Now THIS Megamix Monday will be hard to top. The Walk this Way Megamix soon became the unofficial anthem of Hitz’s Summer 93/94 broadcast.
And yet, ‘the one megamix to rule them all’ has a super-cheesy backstory very few people know.
Follow the link below to stream the famous Walk This Way Mastermix. You’ll learn a little bit about why it made such an impact, and discover the skeleton in the closet most would never have suspected.
Why the “Walk this Way Megamix” matters
Walk this Way was once called “hip-hop’s Trojan horse“. It was a song that introduced hip-hop music to many around the world. A gateway drug, if you will. Combining Run DMC and Aerosmith back in 1987 was a stroke of genius, and even the videoclip made clear the ‘tearing down of barriers’ between the two styles of music they represented.
Six years later, Hitz FM’s Myf Webster (music director, news director, committee member and treasurer at various times) was visiting a local milkbar in Melbourne’s Eastern suburbs. There – for sale – despite the “professional DJs only” labels… were the hottest imported DJ-only CDs. Yep, grab a litre of milk, a loaf of bread, and the latest Hot Tracks, Direct Hit or Mastermix. Myf and Nick Karlas (Hitz co-founder, promotions director) would buy quite a few of them in the years that followed – including Mastermix volume 88.
And one awesome CD
This CD contained a bunch of great megamixes, including Bless this House which starts at a very cruisey 94BPM then rockets off to 136BPM. And then there’s the Walk this Way ‘Boom Boom Bootley Mix’. A medley that used Walk this Way as a framework, then smoothly mixed every big hiphop song of 1992/1993 into 5 minutes and 17 seconds of dancefloor dynamite.
Songs featured include O.P.P., Boom Shake the Room, Rump Shaker, Jump (Kriss Kross), Jump Around, Hip Hop Hooray… the list goes on. I can still remember the first time I heard this megamix – and it had an equally strong effect on Hitz FM listeners. After thousands of votes were counted for the end-of-broadcast ‘Top 89’ – it smashed its way into the number 4 position.
But only ONE Walk this Way Megamix
Hitz FM had a single copy of the CD – remember this was back in the days before CD burners and mp3s. So that disc was very carefully guarded. I think the only two times it was allowed outside the station in 3 months was (a) For a single nightclub event and (b) For the staff cruise on the Yarra river.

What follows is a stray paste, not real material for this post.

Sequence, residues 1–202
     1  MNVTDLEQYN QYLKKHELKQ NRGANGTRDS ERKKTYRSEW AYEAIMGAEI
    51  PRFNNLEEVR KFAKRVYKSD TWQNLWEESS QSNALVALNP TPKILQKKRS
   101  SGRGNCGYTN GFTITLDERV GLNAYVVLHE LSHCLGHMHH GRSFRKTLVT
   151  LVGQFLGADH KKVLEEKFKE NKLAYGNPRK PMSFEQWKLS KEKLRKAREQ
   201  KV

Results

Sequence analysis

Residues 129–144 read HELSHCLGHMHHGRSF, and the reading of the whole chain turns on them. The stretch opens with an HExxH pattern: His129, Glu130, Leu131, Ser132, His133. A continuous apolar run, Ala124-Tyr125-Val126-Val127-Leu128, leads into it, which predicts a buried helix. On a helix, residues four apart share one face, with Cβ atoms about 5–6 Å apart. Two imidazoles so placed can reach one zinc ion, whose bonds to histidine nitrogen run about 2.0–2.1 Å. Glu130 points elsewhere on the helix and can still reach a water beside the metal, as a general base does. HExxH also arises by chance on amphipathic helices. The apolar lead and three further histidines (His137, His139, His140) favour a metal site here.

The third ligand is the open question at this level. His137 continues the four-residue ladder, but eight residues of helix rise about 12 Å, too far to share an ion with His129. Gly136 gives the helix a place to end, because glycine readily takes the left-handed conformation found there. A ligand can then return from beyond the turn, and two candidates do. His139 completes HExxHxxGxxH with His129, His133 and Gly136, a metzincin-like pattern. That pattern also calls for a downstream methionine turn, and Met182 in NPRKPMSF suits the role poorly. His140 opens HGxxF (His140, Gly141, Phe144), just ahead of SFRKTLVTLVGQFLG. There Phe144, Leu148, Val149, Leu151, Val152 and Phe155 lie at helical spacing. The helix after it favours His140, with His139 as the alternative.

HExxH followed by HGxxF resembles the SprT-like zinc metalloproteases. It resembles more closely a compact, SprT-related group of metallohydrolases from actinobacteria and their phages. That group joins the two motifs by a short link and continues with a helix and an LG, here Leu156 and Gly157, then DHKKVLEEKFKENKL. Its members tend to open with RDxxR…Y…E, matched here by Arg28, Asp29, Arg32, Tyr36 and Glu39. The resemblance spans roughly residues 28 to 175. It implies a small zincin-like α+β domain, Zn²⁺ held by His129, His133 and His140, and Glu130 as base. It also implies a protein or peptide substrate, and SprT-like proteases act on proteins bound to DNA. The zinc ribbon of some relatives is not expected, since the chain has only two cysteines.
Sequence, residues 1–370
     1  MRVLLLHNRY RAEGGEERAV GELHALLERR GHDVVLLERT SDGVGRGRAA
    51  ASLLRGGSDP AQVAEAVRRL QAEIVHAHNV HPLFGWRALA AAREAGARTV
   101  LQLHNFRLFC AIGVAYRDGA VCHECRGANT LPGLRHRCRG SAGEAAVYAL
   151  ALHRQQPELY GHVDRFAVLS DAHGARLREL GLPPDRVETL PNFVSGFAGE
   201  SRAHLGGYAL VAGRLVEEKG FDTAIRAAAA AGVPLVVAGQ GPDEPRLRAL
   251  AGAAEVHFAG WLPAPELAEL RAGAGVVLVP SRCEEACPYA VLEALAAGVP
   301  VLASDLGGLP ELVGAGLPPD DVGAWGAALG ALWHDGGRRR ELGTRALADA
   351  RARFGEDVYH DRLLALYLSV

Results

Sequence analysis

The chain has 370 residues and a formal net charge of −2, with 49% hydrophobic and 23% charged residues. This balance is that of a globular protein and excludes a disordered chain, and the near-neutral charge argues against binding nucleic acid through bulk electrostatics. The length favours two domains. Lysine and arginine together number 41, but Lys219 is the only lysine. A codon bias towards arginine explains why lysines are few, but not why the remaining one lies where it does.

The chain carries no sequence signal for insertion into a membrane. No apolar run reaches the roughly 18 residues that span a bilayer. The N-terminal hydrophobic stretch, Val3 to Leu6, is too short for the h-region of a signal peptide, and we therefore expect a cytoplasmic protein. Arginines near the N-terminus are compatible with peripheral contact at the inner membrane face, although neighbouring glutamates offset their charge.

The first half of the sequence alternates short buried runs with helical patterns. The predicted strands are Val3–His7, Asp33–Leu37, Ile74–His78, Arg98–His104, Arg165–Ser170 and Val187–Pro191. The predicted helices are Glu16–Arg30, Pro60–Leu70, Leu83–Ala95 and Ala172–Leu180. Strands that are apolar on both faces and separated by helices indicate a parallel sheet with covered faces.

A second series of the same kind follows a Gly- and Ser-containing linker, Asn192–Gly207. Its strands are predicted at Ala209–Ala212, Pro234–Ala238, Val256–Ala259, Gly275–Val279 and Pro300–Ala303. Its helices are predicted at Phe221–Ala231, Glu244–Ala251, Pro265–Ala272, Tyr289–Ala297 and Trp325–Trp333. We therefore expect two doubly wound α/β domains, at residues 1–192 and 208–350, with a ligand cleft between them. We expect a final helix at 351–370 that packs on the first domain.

And now, it’s time to press play and unleash a true classic.
Now, the skelton in the closet
Finally, as promised it’s time to reveal the rather daggy ancestry of this megamix. It was produced by the very talented Andy Pickles – who’s worked in the field for many years. These days he’s the chairman of the entire Mastermix company. But back in the late 80s, he was also one of the brains behind a rather different megamix; Jive Bunny’s Swing the Mood.
This was one of the first megamixes to ever have big chart success. The difference to most though was the age of the songs. They were all from the very early era of Rock n Roll.. the 1950s (!) with tracks by Elvis, Little Richard and Bill Haley. Strangely, despite the age of the songs, it was apparently a hit in British clubs, so a cutdown radio edit was made, and chart success followed.
So now, for the one and only time on this blog – here’s Jive Bunny.
So, got any favourite megamixes?
(Hopefully not one featuring a man in a rabbit suit)
Hit me up in the comments…
2 thoughts on “The biggest 90s HipHop megamix had a daggy secret”
Found this blog by accident, I was going through my Mastermix vinyl and started googling.
Did you know there was a ‘Downunder’ version of this mix? – might have caused some trouble at the time. 😉
Also if you got those CDs from Frankston, they may have come from a well-known DJ who was importing and selling remix services out the boot of his car with John Casa (ex Central Station and R&B pioneer RIP).
In 1993 John had a store in Dandenong which stocked lots of the remix services, including Mastermix.
To local Hip hop DJs the Walk This Way medley was a bit meh (being cheesy commercial), but certainly one to have for open format parties. I still have the vinyl, and when you guys started playing it on Hitz it def got popular.
Jarrod, great to hear from you. Always fascinating to hear from DJs who were working in Melbourne back in the day.
Oh – and I’m jealous of your Mastermix collection!